Fee-Splitting by Hospitals


The 1998 OIG Compliance Program regarding fraud and abuse for hospitals represents a valuable tool for employed emergency physicians or groups that hold a hospital contract to protect their interests. The below excerpts clearly state that the hospital can not take a portion (split) of the emergency physician fee beyond fair market value for what is returned to the physician (office space, etc). AAEM members will note that such an OIG stance serves as a strong basis to fight similar abuses by contract groups. There is no sound legal basis for the contract holders doing what the OIG is forbidding hospitals to do.

Federal Register: February 23, 1998 (Volume 63, Number 35)

Page 8987-8998
From the Federal Register Online via GPO Access [wais.access.gpo.gov]

Office of Inspector General
Publication of the OIG Compliance Program Guidance for Hospitals
agency: Office of Inspector General (OIG), HHS.
action: Notice.

For further information contact: Stephen Davis, Office of Counsel to the Inspector General, (202) 619-0070.

Compliance Program Guidance for Hospitals

(I) Introduction — The Office of Inspector General (OIG) of the Department of Health and Human Services (HHS) continues in its efforts to promote voluntarily developed and implemented compliance programs for the health care industry. The following compliance program guidance is intended to assist hospitals and their agents and subproviders (referred to collectively in this document as “hospitals”‘) develop effective internal controls that promote adherence to applicable Federal and State law, and the program requirements of Federal, State and private health plans. The adoption and implementation of voluntary compliance programs significantly advance the prevention of fraud, abuse and waste in these health care plans while at the same time furthering the fundamental mission of all hospitals, which is to provide quality care to patients. Within this document, the OIG intends to provide first, its general views on the value and fundamental principles of hospital compliance programs, and, second, specific elements that each hospital should consider when developing and implementing an effective compliance program. While this document presents basic procedural and structural guidance for designing a compliance program, it is not in itself a compliance program. Rather, it is a set of guidelines for a hospital interested in implementing a compliance program to consider. The recommendations and guidelines provided in this document must be considered depending upon their applicability to each particular hospital.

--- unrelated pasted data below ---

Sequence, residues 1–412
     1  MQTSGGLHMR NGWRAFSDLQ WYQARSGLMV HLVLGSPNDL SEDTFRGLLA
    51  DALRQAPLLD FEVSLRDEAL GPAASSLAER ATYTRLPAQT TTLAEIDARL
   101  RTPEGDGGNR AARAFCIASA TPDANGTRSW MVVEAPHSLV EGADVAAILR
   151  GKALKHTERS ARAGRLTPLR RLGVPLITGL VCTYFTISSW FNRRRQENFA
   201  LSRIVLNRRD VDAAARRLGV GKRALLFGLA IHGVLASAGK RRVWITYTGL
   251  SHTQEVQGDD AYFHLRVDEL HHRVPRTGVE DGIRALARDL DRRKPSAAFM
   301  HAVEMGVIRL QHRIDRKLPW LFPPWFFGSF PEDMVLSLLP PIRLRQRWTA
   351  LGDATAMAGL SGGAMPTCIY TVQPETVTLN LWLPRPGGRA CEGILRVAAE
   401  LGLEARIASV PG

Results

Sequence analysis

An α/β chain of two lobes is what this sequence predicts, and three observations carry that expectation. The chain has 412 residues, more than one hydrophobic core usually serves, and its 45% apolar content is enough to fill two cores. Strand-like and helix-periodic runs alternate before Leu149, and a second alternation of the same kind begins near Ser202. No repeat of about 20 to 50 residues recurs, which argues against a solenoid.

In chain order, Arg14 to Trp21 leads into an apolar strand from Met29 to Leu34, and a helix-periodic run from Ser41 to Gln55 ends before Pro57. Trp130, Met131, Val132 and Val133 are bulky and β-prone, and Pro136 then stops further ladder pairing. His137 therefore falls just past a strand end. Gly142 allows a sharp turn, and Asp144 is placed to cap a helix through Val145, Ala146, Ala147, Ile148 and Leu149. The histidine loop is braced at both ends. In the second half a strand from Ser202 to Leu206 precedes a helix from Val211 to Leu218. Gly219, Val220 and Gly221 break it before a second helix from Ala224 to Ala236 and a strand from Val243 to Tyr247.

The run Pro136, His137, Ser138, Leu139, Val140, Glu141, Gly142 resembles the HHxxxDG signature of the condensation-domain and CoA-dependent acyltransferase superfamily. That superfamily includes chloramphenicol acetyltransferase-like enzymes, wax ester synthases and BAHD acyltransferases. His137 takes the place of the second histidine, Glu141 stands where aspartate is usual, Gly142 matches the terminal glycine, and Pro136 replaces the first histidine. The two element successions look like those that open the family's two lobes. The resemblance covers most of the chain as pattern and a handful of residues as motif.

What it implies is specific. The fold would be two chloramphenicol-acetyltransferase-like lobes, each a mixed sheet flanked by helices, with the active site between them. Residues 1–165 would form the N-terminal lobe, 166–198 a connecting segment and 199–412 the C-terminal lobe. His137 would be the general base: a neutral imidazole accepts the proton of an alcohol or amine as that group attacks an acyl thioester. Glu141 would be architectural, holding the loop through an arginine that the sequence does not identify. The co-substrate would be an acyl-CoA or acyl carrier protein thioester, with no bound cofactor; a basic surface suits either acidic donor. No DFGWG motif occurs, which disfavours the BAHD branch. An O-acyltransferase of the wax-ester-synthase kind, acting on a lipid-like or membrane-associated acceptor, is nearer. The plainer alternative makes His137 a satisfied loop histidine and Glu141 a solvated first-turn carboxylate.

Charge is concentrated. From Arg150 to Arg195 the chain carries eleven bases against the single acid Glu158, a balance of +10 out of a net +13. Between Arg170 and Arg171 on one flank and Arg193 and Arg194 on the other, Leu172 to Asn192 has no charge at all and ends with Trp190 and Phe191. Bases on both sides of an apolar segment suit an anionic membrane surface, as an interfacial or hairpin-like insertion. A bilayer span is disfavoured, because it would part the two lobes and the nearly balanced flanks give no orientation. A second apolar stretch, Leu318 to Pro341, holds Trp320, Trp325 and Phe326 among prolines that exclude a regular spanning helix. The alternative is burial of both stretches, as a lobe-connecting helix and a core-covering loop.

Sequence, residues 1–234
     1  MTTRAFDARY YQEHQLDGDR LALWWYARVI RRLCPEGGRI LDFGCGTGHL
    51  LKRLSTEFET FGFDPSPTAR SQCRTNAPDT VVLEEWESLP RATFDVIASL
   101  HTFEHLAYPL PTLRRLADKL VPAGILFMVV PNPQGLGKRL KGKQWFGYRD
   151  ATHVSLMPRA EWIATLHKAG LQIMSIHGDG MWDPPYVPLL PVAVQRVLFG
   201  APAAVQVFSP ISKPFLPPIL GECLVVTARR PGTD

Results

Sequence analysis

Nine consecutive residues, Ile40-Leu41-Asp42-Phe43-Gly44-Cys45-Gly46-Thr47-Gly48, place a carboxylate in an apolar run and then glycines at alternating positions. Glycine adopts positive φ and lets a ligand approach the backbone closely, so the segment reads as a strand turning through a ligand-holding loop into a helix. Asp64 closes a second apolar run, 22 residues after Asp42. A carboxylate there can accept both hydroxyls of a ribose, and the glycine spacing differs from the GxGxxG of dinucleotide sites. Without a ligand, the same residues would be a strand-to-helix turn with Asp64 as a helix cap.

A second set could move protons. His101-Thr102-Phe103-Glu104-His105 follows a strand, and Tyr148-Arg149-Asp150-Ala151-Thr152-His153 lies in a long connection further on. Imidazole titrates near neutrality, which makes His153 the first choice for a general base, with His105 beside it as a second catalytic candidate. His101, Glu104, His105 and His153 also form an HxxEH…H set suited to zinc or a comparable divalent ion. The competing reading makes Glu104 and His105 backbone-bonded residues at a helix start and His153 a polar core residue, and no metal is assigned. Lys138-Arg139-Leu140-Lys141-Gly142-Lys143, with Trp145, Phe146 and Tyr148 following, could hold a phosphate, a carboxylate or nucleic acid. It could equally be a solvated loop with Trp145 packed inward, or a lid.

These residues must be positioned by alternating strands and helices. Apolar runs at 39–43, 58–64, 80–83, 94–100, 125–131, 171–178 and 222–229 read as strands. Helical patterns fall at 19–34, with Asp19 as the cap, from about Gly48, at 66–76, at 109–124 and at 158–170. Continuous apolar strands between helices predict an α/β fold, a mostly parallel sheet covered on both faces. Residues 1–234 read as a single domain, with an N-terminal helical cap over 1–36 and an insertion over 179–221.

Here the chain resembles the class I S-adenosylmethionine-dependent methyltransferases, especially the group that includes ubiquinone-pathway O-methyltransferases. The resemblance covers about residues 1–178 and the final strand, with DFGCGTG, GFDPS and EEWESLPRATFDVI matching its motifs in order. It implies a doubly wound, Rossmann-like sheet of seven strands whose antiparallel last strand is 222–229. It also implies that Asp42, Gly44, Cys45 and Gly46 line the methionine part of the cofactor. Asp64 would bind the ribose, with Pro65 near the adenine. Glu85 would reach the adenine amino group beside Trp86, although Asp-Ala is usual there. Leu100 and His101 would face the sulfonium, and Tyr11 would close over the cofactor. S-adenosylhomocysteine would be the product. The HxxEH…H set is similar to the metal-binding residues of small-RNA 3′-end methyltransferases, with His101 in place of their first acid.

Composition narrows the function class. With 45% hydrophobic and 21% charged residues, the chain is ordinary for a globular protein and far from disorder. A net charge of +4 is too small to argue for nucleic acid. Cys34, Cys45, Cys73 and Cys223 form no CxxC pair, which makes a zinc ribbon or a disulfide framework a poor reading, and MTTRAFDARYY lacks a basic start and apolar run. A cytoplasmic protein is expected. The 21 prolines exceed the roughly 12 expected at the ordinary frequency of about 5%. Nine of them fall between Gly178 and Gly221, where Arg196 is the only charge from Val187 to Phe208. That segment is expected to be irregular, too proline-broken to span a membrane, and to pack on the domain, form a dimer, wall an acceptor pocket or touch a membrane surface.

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(II) Compliance Program Elements —

(2) Risk Areas — The OIG believes that a hospital’s written policies and procedures should take into consideration the regulatory exposure for each function or department of the hospital. Consequently, we recommend that the individual policies and procedures be coordinated with the appropriate training and educational programs with an emphasis on areas of special concern that have been identified by the OIG through its investigative and audit functions[11]. Some of the special areas of OIG concern include[12].

Financial arrangements between hospitals and hospital-based physicians — Another OIG concern with respect to the anti-kickback statute is hospital financial arrangements with hospital-based physicians that compensate physicians for less than the fair market value of services they provide to hospitals or require physicians to pay more than market value for services provided by the hospital. See OIG Management Advisory Report: “Financial Arrangements Between Hospitals and Hospital-Based Physicians.” OEI-09-89-0030, October 1991. Examples of such arrangements that may violate the anti-kickback statute are token or no payment for Part A supervision and management services; requirements to donate equipment to hospitals; and excessive charges for billing services.

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(5) Anti-Kickback and Self-Referral Concerns — The hospital should have policies and procedures in place with respect to compliance with Federal and State anti-kickback statutes, as well as the Stark physician self-referral law[31]. Such policies should provide that:

Towards this end, the hospital’s in-house counsel or compliance officer should, inter alia, obtain copies of all OIG regulations, special fraud alerts and advisory opinions concerning the anti-kickback statute, Civil Monetary Penalties Law (CMPL) and Stark physician self-referral law (the fraud alerts and anti-kickback or CMPL advisory opinions are published on HHS OIG’s home page on the Internet), and ensure that the hospital’s policies reflect the guidance provided by the OIG.

All of the hospital’s contracts and arrangements with referral sources comply with all applicable statutes and regulations;

The hospital does not submit or cause to be submitted to the Federal health care programs claims for patients who were referred to the hospital pursuant to contracts and financial arrangements that were designed to induce such referrals in violation of the anti-kickback statute, Stark physician self-referral law or similar Federal or State statute or regulation; and

The hospital does not enter into financial arrangements with hospital-based physicians that are designed to provide inappropriate remuneration to the hospital in return for the physician’s ability to provide services to Federal health care program beneficiaries at that hospital.